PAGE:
The missions in Station to Station start off extremely easy. Players are presented with a zone that has a handful of missions for them to tackle in order. Generally, gameplay elements are explained as you play, so the whole first half of the title is kind of like a tutorial even though it does not feel like one, which is nice. Gradually, Station to Station introduces advanced concepts into the gameplay, like the use of cards that can be collected and spent to do special things like reduce the costs of rail lines or bridges.
There are also challenges like earning a set amount of money during a mission or trying to construct all of your rail lines without the use of bridges. New elements like passenger trains and additional, multi-stage resource chains also gradually make their way into the title. There is a very gentle learning curve, and while the later levels can get pretty complex, Station to Station is never punishingly difficult. And if players get tired of following the various challenges, there is a sandbox mode that is highly configurable in terms of map sizes, the kind of industries populated in the mission and starting money. I found that jumping in and doing a sandbox mission from time to time was a perfect way to unwind, especially when I only had a few minutes of free time.
I really enjoyed almost everything about Station to Station, and you get a lot for less than $20 on Steam, making it a really good value too. The one quibble that I have with the gameplay is that later on in the main missions, you are basically tasked with constructing highly inefficient railroads in order to achieve higher scores (which is awarded as a bonus to your reward money when linking resources). Instead of constructing highly efficient railroads, it instead rewards you for first connecting a bunch of businesses and resources that don’t need one another (like a wheat field to a cheesery) and then tying everything together at the end so that multiple systems of supply and demand are routed together through a final connection.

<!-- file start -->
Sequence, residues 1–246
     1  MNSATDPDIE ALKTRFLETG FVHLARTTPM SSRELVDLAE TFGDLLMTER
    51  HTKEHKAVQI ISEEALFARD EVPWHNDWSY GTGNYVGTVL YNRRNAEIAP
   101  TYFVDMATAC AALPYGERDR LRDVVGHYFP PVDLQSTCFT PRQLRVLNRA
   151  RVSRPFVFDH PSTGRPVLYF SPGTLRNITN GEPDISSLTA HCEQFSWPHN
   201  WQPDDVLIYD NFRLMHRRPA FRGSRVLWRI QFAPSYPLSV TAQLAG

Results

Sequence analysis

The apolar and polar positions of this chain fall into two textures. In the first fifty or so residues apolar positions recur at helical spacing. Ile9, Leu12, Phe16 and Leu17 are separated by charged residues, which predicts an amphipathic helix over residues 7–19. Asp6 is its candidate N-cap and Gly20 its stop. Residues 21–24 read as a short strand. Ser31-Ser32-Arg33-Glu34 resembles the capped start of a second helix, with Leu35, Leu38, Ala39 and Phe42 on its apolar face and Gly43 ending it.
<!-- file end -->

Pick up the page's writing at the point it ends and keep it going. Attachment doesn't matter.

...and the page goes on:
Playing Station to Station that way unfortunately often requires planning rail lines and routing trains in ways that don’t make any logical sense just to try and maximize the bonus when you finally tie the various systems together. I would have preferred it if the game instead rewarded players for building efficient transport networks where goods could be quickly routed through the least number of stops or transfers. But I suppose this is a different type of transportation title, and I could always build my highly efficient systems in the sandbox where the points don’t matter.
Station to Station is perfect for anyone who enjoys titles with light puzzle elements, visually stunning and peaceful world settings and, of course, really cool-looking trains. There is a lot of content for not a lot of money too. I personally found Station to Station to be a great palate-cleansing type of game to enjoy between bouts of more serious gaming, or a way to unwind after a stressful day when I wanted to enjoy some quality gameplay without having to spend too much mental energy. It’s certainly a unique title, and one that should appeal to a lot of players.